News / Blog

Ottawa TPP negotiation tactics unknown to Dairy Farmers of Canada
November 10, 2017

Ottawa has not consulted with the country’s dairy industry about the specific changes it’s seeking on market access in a renegotiated Trans Pacific Partnership agreement, Dairy Farmers of Canada officials said Wednesday. 

“We had heard there might be some things, but no. All we know is that they are in negotiations,” Dairy Farmers of Canada President Pierre Lampron told reporters. The industry, he said, is watching the TPP situation closely.

A TPP agreement without the United States is a different deal — and any market access changes should reflect that, Lampron insisted. Dairy industry officials are in Ottawa for a one-day symposium organized by Dairy Farmers of Canada on the industry’s sustainability.

“For us it’s simple: TPP-11 is not TPP-12, especially when we lose a big player like the United States,” he told reporters in French. “We think the piece that affects us the most is the market access that we gave under the TPP. We need to revise the amounts of access.”

President Donald Trump formally withdrew the United States from the TPP last January. The eleven remaining countries, including Canada, have been in talks since then, with Japanese officials pushing especially hard to salvage the trade pact.

Under the current TPP framework, Canada granted a small amount of access to its supply managed sectors over five years.  The deal-in-principle saw Canada open up its market access by 3.25 per cent for dairy, 2.3 per cent for eggs, 2.1 per cent for chicken, 2 per cent for turkey, and 1.5 per cent for hatching eggs.

Ottawa made it known this week Canada is looking to amend three sections of the TPP: intellectual property, supply management and cultural exemptions. Specific details about the changes Canada is seeking have not been made public.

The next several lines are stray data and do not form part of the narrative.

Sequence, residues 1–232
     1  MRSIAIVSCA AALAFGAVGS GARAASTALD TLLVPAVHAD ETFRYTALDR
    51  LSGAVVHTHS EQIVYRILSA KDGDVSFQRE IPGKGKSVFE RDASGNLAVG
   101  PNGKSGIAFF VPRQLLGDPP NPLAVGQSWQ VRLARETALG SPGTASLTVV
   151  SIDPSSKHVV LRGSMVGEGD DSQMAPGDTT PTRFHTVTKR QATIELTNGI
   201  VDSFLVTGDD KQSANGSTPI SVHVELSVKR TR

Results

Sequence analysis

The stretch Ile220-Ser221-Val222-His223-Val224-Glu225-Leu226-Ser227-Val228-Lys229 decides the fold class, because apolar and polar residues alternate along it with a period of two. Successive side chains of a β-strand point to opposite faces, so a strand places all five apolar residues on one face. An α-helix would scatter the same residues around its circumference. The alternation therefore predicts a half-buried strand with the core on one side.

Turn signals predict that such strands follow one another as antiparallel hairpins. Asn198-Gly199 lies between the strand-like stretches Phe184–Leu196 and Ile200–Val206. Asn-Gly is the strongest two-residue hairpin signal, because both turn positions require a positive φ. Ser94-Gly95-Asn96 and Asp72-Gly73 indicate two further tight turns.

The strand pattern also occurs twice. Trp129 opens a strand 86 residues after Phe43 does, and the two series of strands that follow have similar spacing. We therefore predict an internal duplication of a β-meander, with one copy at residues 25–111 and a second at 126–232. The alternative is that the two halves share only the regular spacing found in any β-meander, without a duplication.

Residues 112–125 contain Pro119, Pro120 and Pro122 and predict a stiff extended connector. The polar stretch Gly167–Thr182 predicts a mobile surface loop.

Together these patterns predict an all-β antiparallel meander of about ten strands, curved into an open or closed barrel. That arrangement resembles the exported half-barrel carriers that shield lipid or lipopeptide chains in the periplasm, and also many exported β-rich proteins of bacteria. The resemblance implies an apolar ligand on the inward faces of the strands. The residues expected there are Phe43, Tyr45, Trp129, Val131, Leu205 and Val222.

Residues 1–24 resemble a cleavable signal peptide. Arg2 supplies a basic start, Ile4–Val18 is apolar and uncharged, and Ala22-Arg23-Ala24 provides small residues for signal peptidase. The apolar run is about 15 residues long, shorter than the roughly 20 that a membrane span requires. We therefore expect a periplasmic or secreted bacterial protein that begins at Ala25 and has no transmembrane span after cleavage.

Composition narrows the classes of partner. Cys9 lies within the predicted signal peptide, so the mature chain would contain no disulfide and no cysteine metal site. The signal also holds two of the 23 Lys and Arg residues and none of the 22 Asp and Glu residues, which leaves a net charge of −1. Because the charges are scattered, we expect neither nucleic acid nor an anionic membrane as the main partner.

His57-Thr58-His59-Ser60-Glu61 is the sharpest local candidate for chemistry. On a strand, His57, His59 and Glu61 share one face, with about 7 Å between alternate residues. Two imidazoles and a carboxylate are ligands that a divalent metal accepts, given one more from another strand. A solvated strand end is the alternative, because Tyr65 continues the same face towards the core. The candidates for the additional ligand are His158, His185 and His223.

Officials from the United States, Australia and New Zealand had all demanded access to Canada’s dairy industry during the TPP negotiations. Both Australia and New Zealand remain part of the TPP talks.

Australia and New Zealand both export dairy products. “Its certain they will push, but I’m telling you Canada must defend itself, to protect producers — to not give access for the sake of giving access,” Lampron said when asked whether those two nations would be open to the changes Canada wants on the dairy file.

The federal government’s sudden push for a more progressive TPP deal comes just days before the eleven remaining members are set to meet at the Asia Pacific Economic Co-operation summit in Vietnam. Japanese officials have said they want to finalize a TPP-11 framework at that meeting.

Prime Minister Justin Trudeau told reporters Tuesday that Canada won’t “be rushed” into a TPP deal.

“We believe that progressive, solid trade deals can help citizens in all sorts of different countries, at different levels of development and our ministers are very much focused on that,” he said. “But let me, of course, remind everyone that Canada will not be rushed into a deal that is not in the best interests of Canada and of Canadians.”

Agriculture Minister Lawrence MacAulay told reporters “discussions are going on” at the TPP table. “We have people who are quite capable of handling the situation,” he said. “I’m not going to indicate what will or will not happen at the negations. That would be inappropriate.”

 

Source: IPolitics



CURRENT ISSUE

Summer 2018